Cheers
    Sally

  5. Diane van Poelgeest says:

    Sally,
    You know that old saying wherein we find what we need when we really need it? Well, today, I discovered a need for Welsh Law, in particular I am searching for what would be a category of worst crime ever to least for a fiction series–neither 3M or 4M!–but rather more high fantasy involving Welsh mythology with overlaps in Roman history and myth. Yeah, crazy. However, as I have been working on the right voice an structure to carry this monster, one of my middle ideas played rose to the fore, that of using the backdrop of a trial–done this way I can carry on with the tradition of oral storytelling that was paramount in Wales up through the middle ages. That is how I came across your article/blog. You are so right about the Laws and the Medieval representation of their use. So little has come of the actual time period. I am grateful for your description and links regarding the Llys. I would love to open a dialogue with you regarding your ideas and conclusions on this topic. I don’t think our works will, in any way, overlap, but it just strikes me that we have much in common and much we can play off each other as far as ideas go. It is difficult to find anyone who can talk about such topics and not nod off!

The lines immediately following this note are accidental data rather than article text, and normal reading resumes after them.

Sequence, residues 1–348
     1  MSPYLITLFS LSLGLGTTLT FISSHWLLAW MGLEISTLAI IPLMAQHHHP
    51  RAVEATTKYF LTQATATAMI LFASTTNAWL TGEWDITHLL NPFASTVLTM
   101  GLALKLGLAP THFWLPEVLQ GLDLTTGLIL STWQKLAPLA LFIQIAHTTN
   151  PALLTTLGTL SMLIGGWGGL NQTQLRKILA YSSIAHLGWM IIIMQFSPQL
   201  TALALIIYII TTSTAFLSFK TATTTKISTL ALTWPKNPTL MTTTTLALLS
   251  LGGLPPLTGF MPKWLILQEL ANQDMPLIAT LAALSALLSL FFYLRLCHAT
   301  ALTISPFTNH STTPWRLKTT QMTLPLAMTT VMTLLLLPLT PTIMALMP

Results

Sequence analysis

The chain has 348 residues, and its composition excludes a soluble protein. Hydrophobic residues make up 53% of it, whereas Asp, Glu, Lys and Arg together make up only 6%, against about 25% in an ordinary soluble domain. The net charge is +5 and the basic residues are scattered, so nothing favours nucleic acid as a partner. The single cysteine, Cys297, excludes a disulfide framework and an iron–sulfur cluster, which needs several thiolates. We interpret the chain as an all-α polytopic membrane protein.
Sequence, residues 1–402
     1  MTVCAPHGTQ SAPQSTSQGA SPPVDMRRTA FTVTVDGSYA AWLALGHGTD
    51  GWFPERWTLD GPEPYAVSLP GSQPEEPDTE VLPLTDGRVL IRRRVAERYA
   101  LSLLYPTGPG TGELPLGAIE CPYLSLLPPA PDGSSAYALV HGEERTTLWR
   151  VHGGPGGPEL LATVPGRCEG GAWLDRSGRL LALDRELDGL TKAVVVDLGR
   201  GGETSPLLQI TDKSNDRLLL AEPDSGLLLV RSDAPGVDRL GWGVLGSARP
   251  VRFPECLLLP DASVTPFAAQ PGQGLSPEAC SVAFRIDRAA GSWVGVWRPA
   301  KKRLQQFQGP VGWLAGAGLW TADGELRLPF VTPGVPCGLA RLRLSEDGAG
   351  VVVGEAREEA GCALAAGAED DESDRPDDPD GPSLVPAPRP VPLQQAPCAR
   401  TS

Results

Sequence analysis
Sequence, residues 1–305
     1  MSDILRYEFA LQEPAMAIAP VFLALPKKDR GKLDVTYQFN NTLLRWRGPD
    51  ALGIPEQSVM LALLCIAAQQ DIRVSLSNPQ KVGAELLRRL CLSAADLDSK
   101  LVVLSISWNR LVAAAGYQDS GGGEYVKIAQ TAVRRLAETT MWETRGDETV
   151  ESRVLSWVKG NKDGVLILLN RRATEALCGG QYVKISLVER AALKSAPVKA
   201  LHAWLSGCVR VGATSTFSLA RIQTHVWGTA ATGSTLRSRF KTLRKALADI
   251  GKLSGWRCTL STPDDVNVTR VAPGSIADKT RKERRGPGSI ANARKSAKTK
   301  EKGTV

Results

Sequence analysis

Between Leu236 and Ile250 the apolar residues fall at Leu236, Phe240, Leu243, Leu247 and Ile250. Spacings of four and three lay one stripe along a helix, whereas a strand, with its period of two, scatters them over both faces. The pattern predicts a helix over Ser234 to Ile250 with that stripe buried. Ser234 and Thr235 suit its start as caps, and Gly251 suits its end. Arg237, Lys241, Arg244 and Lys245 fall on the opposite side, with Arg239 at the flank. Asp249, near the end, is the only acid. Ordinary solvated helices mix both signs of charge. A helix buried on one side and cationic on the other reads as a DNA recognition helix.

You have many posts, it will take me time to pick through them, but in the meantime I wonder what you think of combing through the mabinogi in regards to responses to certain laws. I have found, that though they are in text form they do stem from an oral source, older than perhaps Hywel Dda, and his written laws stem from those old traditions that were kept orally and well understood.

    • Sally says:

      Thanks Diane. Your interest will perhaps force my mind back to this, which is a GOOD THING! I expect you have already found the medieval Welsh law codes, which are readily available on line. They are full of all manner of goodies but are, of course, relatively late redactions. Somewhere or other I posted about this and my thoughts on how far we can extrapolate back from the Laws of Hywel Dda to the early medieval period. We know so little about the Welsh story for this period, especially compared to the fabulous evidence from Ireland. Did they in any way ‘investigate’ crime, for instance, or was it like the Anglo-Saxon legal system where it seems to have been about finding the right number of people of the right status to swear on oath to the guilt or innocence of the accused.
      What has always interested me, however, and for which the codes themselves provide evidence, is precisely the severity attributed to crimes. It is here that we are taken directly to the strangeness of the past, the past as a foreign country. Murder was not then at all what it is now and Anglo-Saxon kings seem from their earliest law codes to have been attempting to prevent blood feud, rather than to punish murderers, and I sense that a similar struggle was under way in the Welsh kingdoms. It is very much as if the early law codes are about ‘kings’ trying to take control of punishment/justice away from more local/’tribal’ lords. This had a long way to go, of course, and it was not really until the Tudors that ‘legitimate’ force became the sole preserve of the state.
      I look forward to hearing more about how you are going with your interesting project.